• 5 Almroth Wright and Pathology
      (pp. 119-144)

      IN THE BEGINNING pathology was the humblest department at St Mary’s. The work was salaried, always a sign of low status, usually done by a young man waiting for an opening on the consulting staff. His duties included mounting specimens for the museum, performing post-mortems, and giving practical instruction to the students. The department was chronically understaffed, and unmounted specimens often piled up.

      By contrast, at the outbreak of World War I pathology was St Mary’s most celebrated department. From the unprepossessing material available to him at one of the smallest teaching hospitals in London, Almroth Wright built up an...

    • 6 The School, 1900—1920: Coping with Science
      (pp. 145-168)

      BY THE 1890s the school’s future seemed assured. Its student intake exceeded all but the endowed schools and even University College and King’s College. Yet within a decade it was facing its most serious troubles to date and for the first (but not the last) time, had to contemplate the possibility of extinction. Student intake and income declined both absolutely and relative to expenditure. As the ancillary disciplines - anatomy, physiology, pathology, and pathological chemistry - became increasingly laboratory based, they caused a crisis in medicine. The costs of salaried workers and laboratories became prohibitive for the smaller medical schools....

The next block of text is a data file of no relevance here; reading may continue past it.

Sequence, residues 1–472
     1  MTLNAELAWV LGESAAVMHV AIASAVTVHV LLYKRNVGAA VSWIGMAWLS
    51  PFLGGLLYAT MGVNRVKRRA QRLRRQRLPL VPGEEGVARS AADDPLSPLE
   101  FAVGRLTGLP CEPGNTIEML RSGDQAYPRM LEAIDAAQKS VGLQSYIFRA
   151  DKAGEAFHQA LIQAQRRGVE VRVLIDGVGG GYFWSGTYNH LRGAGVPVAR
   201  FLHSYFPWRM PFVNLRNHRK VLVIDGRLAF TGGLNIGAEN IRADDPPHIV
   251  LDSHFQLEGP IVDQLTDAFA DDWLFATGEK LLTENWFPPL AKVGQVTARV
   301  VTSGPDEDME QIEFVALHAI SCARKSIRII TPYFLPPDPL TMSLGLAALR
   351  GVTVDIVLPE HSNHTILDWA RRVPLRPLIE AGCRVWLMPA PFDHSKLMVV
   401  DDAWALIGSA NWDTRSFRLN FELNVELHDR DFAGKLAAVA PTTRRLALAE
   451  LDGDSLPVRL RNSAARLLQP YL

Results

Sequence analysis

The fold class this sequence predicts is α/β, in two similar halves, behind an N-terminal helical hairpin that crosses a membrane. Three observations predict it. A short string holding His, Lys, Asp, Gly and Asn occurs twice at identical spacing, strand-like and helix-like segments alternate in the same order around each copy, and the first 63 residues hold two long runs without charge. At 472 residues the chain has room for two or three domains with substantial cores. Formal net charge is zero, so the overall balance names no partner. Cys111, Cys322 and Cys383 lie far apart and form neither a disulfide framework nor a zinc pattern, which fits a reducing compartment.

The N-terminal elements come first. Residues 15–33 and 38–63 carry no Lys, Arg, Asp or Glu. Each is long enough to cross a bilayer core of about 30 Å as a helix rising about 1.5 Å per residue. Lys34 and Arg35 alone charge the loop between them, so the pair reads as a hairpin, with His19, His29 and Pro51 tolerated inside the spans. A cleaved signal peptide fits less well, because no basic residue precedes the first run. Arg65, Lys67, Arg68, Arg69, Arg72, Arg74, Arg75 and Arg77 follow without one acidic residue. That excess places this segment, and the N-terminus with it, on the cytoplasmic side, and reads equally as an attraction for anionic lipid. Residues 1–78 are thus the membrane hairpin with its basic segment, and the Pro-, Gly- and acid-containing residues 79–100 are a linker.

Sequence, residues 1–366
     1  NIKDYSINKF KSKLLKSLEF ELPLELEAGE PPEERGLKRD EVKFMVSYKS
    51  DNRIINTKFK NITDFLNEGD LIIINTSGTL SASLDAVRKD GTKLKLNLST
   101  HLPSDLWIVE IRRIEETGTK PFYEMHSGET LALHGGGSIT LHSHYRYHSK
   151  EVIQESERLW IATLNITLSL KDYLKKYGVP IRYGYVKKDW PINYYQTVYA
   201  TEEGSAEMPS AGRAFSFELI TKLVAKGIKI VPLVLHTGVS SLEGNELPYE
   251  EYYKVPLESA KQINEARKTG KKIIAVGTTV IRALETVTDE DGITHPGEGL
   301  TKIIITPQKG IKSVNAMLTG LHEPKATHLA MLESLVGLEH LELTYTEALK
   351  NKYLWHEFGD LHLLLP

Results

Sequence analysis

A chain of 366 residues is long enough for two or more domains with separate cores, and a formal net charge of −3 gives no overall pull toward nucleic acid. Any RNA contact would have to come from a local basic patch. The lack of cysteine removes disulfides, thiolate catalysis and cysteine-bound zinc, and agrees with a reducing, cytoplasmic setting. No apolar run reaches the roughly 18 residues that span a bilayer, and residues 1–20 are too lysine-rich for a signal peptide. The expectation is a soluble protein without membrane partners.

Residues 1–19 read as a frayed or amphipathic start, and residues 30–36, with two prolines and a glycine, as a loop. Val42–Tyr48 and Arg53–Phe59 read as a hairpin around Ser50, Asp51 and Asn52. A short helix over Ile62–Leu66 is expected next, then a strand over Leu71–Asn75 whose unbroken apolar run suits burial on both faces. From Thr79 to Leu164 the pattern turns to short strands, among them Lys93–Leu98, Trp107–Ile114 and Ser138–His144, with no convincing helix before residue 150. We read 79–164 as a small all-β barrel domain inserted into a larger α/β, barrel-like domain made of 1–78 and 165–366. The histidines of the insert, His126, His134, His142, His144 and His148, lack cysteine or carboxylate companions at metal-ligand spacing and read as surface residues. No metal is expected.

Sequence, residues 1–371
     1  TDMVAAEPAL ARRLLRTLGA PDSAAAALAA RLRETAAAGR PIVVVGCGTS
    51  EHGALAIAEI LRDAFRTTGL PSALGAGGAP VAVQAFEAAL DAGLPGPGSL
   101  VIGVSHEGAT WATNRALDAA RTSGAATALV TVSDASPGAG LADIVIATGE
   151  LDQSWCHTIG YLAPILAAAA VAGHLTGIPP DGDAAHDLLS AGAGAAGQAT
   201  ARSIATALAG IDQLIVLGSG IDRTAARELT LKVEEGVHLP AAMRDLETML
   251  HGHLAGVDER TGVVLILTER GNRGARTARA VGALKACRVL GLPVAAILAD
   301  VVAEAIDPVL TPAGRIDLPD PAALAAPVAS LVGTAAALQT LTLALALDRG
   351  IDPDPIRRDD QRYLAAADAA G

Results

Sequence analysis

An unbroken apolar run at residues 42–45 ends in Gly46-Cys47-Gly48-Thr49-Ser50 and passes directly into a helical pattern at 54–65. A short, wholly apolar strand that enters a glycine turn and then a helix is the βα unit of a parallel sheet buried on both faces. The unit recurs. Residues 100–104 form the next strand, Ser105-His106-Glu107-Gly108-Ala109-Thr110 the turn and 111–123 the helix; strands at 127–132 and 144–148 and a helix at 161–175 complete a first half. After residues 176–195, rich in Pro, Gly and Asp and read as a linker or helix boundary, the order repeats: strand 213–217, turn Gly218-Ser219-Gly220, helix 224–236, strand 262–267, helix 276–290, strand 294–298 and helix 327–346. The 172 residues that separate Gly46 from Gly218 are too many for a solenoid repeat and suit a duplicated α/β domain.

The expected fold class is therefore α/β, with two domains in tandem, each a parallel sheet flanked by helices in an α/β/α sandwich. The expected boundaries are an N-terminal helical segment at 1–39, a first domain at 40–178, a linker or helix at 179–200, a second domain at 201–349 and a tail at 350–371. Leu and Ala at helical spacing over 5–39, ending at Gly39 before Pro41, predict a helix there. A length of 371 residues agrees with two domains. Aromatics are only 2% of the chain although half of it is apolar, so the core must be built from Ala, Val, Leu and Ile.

9. The Interwar Period
    • Colour Plates
      (pp. None)
    • 7 The Changing Hospital 2
      (pp. 171-201)

      DURING THE FIRST half of the twentieth century the London voluntary hospitals lurched from crisis to crisis. From the early 1890s they were so short of funds that there was serious thought of a bailout by the state. At St Mary’s, sixty beds stood vacant in the new Clarence Wing for want of funds to administer them. War, then depression continued to threaten the voluntary system. Subscriptions and donations formed an ever-diminishing proportion of hospital revenues, requiring hospitals to cast about for other sources of income.¹

      At St Mary’s in 1900 subscriptions and donations made up 35 per cent of...

    • 8 Pathology between the Wars: Wright and Fleming
      (pp. 202-226)

      DURING THE 1920s and 1930s at St Mary’s, Sir Almroth Wright and Charles Wilson, Lord Moran, dominated the scene. They were two very different characters, forced into a shotgun wedding. During the 1920s and 1930s, as the two pushed the school and the Inoculation Department closer together institutionally, they veered away from medicine proper in their outlooks, one towards physiology and philosophy and the other towards politics and sports. Both men were institution-builders: during the late 1920s and early 1930s, they managed to get hold of considerable sums of money and rebuilt their respective institutions in a large shared building...